The researchers for the Department of Regulatory Agencies usually do a good job of unearthing all the pertinent background information before making their recommendations to the Legislature, but they aren’t perfect. For example, let’s examine their 2008 Sunset review of the Chiropractic Practice Act.
Present law prohibits “colonic irrigation therapy” under the definition of “chiropractic” — CRS 12-33-102 (1) — and also in CRS 12-33-117 (1) (l), the disciplinary section.
In its review, however, DORA labels that prohibition “outdated.” DORA also fails to explain why chiropractors are forbidden to use this “therapy.”
Here is DORA’s explanation, followed by my parenthetical comments.
“… the current definition includes an unusual provision that eliminates colonic irrigation therapy from the definition of chiropractic.
“The language was added a number of years ago (The 1985 law was amended in 1995 to make the language even stronger.) in response to a problem with a single practitioner. (It was a chiropractic office, and the “problem” was the deaths of six patients. Numerous other patients were made ill.)
“It is very unusual for practice acts to prohibit specific activities in this manner.” (Not so. See CRS 12-27-105, which prohibits administration of drugs by midwives.)
On Page 8 of DORA’s review, the staffer could have — but did not — mention that the 1995 chiropractic amendment to the disciplinary law included changing the violation of “treatment of a patient by colonic irrigation” to add “or allowing colonic irrigation to be performed at the licensee’s premises.” That was added to close a “loophole.” Rep. Paul Weissmann, D-Louisville, is the only 1995 co-sponsor still in legislative office.
The 1984 DORA Chiropractic Sunset Report states, “In 1979 and 1980, there were six deaths and numerous dysentery cases resulting from unsanitary colonic irrigation equipment used in a Western Slope chiropractic office.
“This tragedy and other testimony led the chiropractic board to prohibit the machines from being used unless certain conditions were met, but use of the machines was not prohibited altogether.”
In a 1984 meeting, DORA’s then-director, Wellington Webb, appeared before our Legislative Council subcommittee to urge further changes. His written comments should be in the DORA files on the Chiropractic Practice Act.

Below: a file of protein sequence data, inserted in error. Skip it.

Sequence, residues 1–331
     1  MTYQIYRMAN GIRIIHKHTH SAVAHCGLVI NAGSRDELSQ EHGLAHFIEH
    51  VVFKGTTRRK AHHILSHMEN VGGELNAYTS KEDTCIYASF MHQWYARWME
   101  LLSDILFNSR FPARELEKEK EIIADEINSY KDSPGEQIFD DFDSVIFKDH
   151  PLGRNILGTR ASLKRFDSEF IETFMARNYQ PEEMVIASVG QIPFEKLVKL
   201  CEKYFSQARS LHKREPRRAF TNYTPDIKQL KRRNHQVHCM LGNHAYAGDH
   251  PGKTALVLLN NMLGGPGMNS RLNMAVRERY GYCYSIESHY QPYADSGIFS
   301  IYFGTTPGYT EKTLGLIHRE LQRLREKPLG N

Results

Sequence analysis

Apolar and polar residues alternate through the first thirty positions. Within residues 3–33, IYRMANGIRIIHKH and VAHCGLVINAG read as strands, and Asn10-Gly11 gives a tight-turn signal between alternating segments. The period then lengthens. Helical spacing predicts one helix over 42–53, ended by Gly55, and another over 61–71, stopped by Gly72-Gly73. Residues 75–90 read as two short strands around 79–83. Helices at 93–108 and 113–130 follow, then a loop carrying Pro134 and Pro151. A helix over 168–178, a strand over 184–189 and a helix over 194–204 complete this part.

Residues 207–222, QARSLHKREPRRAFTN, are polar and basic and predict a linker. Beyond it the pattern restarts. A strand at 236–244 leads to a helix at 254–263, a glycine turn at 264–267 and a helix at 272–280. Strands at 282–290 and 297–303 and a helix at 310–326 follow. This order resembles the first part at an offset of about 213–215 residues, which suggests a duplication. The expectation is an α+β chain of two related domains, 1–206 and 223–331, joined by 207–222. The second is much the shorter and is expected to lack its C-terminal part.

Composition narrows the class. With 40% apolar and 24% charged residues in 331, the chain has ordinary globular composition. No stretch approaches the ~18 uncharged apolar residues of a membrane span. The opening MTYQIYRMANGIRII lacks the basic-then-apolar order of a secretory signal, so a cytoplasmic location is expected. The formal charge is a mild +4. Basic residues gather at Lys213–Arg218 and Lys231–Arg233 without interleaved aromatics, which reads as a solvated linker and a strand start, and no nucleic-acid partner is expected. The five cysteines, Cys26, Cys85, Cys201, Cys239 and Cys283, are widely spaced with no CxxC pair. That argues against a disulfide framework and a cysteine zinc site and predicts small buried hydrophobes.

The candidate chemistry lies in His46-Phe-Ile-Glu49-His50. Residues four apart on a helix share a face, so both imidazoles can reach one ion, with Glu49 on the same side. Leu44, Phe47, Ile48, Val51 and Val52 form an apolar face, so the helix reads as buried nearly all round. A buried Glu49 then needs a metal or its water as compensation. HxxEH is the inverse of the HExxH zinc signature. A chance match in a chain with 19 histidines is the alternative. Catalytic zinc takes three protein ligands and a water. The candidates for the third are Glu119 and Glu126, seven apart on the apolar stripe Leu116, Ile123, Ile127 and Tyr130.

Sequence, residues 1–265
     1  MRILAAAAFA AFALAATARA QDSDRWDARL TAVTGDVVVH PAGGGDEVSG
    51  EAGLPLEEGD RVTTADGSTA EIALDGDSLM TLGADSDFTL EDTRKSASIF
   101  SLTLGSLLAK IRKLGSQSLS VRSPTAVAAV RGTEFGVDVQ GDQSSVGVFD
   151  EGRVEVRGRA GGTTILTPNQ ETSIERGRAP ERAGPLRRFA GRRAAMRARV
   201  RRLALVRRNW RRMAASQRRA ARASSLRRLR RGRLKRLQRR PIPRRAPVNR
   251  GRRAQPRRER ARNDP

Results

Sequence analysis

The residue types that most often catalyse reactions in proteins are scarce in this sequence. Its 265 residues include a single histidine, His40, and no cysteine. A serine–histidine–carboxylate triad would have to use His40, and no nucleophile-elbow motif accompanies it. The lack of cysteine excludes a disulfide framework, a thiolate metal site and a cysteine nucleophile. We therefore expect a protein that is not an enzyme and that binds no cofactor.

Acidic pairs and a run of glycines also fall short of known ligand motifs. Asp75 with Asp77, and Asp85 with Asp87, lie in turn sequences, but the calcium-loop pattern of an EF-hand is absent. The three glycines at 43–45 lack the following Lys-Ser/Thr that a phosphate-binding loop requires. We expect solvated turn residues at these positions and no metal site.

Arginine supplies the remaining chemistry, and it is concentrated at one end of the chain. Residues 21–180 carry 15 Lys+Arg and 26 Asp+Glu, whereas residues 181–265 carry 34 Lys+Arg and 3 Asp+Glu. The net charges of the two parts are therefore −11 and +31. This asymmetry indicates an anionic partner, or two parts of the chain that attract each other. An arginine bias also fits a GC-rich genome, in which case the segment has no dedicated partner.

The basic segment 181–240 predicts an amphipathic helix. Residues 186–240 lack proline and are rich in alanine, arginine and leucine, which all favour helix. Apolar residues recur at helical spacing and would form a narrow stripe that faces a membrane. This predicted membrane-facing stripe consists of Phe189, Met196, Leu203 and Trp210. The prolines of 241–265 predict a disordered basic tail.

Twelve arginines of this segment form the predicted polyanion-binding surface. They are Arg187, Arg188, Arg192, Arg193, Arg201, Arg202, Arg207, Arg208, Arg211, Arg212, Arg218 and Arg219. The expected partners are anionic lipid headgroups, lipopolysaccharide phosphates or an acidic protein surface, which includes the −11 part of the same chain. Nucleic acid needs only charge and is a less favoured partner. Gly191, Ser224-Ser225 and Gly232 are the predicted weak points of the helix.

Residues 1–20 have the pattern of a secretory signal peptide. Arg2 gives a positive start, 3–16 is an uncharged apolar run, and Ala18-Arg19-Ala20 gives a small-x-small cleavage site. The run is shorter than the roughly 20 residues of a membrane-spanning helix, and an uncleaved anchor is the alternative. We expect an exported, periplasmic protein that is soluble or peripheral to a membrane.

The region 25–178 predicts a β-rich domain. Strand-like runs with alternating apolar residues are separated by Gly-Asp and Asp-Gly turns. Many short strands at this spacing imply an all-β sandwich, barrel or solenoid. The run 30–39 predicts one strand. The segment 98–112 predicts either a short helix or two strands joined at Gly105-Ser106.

He told us:
“I’m sure each of you remembers the six deaths. Although one machine was responsible for the amoebic dysentery causing all six deaths, research by the State Department of Health indicated that several types of colonic irrigation machines are designed in a way that makes it nearly impossible to clean them properly.
“Also, there is no scientific evidence that colonic therapy actually has any therapeutic value. So, there is no demonstrated benefit to the therapy, and yet there is clearly a demonstrated potential for harm.
“It is not known how widespread is the use of colonic therapy in the chiropractic community. It has not been accepted in the medical community for decades.
“The majority of persons providing colonic therapy are unlicensed persons who call themselves colonic therapists,” Webb said, quoting a health department epidemiologist.
Webb agreed the “ban on use of the machines would address only part of the problem.”
But he added:
“On the other hand, the state has given each licensed chiropractor its stamp of approval in return for its expectation that a certain quality of care will be delivered. With respect to colonic irrigations, patients are paying for service without positive results.”
The 2008 DORA report does not include a repeal of disciplinary action when a chiropractic office uses “colonic irrigation therapy.” But the uninformative and inadequate references to “a problem,” and dismissing the
prohibition of colonic irrigation as “outdated” — if not cleared up and exposed by this column — would make any retention of the ban unlikely.
Colonoscopies are done by physicians who specialize in gastroenterology. People who use enemas are warned in print of their potential danger. It makes sense to continue to ban a treatment such as colonic irrigation if there is no demonstrated scientific evidence of benefits to the patients. DORA failed to provide such evidence.
There are 2,640 active chiropractic licensees in Colorado. From July 1, 2002, through June 30, 2007, there have been 364 decisions by the licensing board on disciplinary issues, and 231 complaints were dismissed.
Disciplinary actions totaled 133, including 73 dealing with probation or practice limitations. Of the 133, only 14 were license revocations.
DORA recommends, and I agree, that licensees who draw complaints should be required to answer such complaints. Presently, they are not “forced” to answer and, states DORA, “failure to respond … prevents the board from obtaining all facts pertinent to the complaint.
“… matters that might otherwise be dismissed may have to be sent to the investigations unit.” DORA suggests failure to respond to a complaint within a specified time be the basis for a disciplinary action.
Jerry Kopel served 22 years in the Colorado House.